I had no business showing up at Mountain Moms’ Wednesday meeting. But on my first morning in Lake Cumberland, Kentucky, I was passenger to Scarlette Jasper, a friend these women trust with their lives — women, mind you, who have been scarred by abuse and tried by the trappings of rural Appalachia.
Summer’s green profusion had not quite relinquished its hold on the south Kentucky hills, despite the frost lingering on Scarlette’s Prius as we pulled into the parking lot of Saint Peter Catholic Church. I sat for a moment, basking in the greenhouse effect, and swallowed a tinge of apprehension. I was undoubtedly one of the only men ever to visit Mountain Moms, a group formed precisely to heal the wounds that men have inflicted on their wives, their girlfriends, their mothers, even. What reason did they have to trust me with their stories?
I closed the passenger door, shouldered my camera gear and trusted the only reason I had: Scarlette. I followed her into the cold shadow of the sanctuary and down a set of concrete steps to the basement. Sister Anne Kernan, Mountain Moms’ facilitator, greeted us warmly at the door and led us into a dim, fluorescent gathering hall, where four women circled around a speckled plastic table. A lone icon hung on the wall above them, a gold-leafed Madonna cradling her child and keeping watch over her kindred mothers — Janice, Connie, Jennifer and Priscilla. Who else but a young woman, terrified yet courageous in the face of violence, could be their matron saint?
Scarlette approached the table and heartily greeted her friends. I followed close behind, making equally tender yet skeptical introductions. Mountain Moms was supposed to host their monthly lunch outing that afternoon, but Sister Anne caught a stomach virus, so their schedule was clear. I swung a metal folding chair out from under the table and paused for permission to join the conversation.
“We don’t bite,” Janice exclaimed, as I took a seat and cozied up to the table.
“Janice does,” Connie quipped in my left ear, “if you don’t watch her.”
“Well, she might nibble a little bit,” Scarlette echoed from behind the table.
Connie resumed her goosing. “Depends on how hungry she is.”
“I’m gonna get you,” Janice fired back.
“You can see part of what we do,” Connie said, gradually sobering her tone. “Just be silly.”
“We’re a support group for women and we help each other with whatever we need,” she continued. “Because our lives have similar backgrounds, we have a lot of things in common. Most of us have children, and most of us with adult children have had to deal with the drug situation in Wayne County and the lack of jobs. So we’re able to support each other. When something is going on in your life, you have people to talk to.”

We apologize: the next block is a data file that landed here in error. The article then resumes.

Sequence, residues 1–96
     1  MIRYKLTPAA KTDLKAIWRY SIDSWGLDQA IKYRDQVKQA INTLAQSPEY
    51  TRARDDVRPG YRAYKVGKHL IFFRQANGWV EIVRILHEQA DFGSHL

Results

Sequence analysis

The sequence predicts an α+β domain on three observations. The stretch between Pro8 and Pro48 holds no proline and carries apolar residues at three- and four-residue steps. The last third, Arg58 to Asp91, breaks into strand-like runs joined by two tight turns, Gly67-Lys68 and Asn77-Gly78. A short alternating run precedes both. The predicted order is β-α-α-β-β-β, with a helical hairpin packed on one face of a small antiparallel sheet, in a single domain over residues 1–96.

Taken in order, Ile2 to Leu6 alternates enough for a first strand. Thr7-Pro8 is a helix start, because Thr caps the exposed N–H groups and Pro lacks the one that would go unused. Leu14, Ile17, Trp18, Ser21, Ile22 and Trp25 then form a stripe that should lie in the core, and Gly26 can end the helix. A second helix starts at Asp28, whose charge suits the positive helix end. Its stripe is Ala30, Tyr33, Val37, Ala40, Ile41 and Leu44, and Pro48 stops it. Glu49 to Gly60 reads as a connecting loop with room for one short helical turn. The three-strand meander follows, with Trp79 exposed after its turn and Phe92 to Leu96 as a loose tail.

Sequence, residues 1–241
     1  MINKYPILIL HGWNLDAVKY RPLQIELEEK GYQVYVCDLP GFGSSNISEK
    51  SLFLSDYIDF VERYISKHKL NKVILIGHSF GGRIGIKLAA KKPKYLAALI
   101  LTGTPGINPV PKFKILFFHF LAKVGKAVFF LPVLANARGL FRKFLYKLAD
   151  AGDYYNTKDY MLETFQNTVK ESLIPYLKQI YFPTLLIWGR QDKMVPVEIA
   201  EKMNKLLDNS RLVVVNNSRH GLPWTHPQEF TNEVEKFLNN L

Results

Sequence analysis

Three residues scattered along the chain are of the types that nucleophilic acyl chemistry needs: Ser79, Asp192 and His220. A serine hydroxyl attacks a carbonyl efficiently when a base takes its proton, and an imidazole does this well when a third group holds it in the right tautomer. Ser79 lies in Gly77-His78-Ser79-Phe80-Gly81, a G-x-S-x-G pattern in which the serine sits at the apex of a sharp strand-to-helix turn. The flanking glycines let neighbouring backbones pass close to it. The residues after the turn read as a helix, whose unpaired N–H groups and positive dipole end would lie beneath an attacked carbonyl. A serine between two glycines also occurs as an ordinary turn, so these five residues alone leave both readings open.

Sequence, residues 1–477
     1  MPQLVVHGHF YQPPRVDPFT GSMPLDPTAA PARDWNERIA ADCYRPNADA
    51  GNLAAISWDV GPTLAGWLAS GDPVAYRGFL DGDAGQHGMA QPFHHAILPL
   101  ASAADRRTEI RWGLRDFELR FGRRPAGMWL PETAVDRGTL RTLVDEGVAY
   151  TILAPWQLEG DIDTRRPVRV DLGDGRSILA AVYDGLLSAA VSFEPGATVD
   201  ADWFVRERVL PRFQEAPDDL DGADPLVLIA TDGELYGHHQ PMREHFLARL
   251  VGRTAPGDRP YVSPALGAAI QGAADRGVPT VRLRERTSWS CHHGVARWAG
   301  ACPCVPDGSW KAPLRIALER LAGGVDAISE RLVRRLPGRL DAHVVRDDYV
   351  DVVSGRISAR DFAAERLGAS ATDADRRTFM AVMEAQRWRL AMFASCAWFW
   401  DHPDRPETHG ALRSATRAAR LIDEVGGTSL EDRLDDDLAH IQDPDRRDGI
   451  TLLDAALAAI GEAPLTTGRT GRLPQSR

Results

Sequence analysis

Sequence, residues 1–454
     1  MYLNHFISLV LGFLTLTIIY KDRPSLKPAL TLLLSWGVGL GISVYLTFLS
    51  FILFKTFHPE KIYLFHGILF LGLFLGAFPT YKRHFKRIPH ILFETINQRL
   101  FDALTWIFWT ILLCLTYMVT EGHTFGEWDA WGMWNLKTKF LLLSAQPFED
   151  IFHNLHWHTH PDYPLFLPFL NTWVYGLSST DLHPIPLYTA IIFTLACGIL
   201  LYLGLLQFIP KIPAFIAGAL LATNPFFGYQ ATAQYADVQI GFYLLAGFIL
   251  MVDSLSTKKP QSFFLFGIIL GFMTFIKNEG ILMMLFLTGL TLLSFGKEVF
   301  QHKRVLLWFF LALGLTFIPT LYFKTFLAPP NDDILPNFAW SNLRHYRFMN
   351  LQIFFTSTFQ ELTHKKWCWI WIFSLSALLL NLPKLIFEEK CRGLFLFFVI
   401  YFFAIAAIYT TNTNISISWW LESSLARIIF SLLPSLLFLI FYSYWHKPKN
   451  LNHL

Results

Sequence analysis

Indeed, these mountain moms have each other, as well as their facilitator Sister Anne, but they also have Scarlette Jasper, field personnel with Together for Hope, the Cooperative Baptist Fellowship’s rural development coalition. For years, Scarlette has supported Mountain Moms with everything from budget counseling and nutrition workshops to federal benefit assistance and deliverance from domestic violence.
But titles mean nothing to Scarlette. Using them would only hinder her in flowing seamlessly between helper and receiver, a powerful ally and a woman who, at the end of the day, requires the same love and tending as anyone at the table.
“So would you be willing to tell me about the journeys that led you here?” I asked expectantly. “What experiences do you have in common?”
“The drug situation in Monticello,” Janice murmured softly.
“Troubles,” Jennifer declared from across the table.
Janice offered some elaboration. “Some of us have man troubles, some of us have kid troubles.”
“Some of us have had both,” Connie explained.
Indeed, Connie’s journey to Mountain Moms began with a toxic mixture of both. Eleven years ago, she endured the most difficult day of her life when she filed an emergency protection order against her son, who had taken up his father’s mantle as Connie’s verbal and physical abuser.
“Oh lord, I was renting at the time but I had an adult abusive son who was basically tearing my house down, I mean horrible,” she explained, stifling her tears. “It was a horrible time in my life, and I called Scarlette all the time just to cry on her shoulder, even when I didn’t need to know about the legal process. She was always there for me.”
Sister Anne jutted her arm into the circle, extending a tissue over Connie’s shoulder.
“She’s always got my back. She’s on it,” Connie said, peppering her sobs with laughter.
“We do for each other here,” Sister Anne said with a wink.
“Well, she knows I’m a cry baby,” Connie explained.
As if legally restraining her son wasn’t enough, Connie was forced to flee her apartment with nowhere to go. That’s when Scarlette, an experienced housing counselor, stepped in to offer more than a shoulder on which to cry.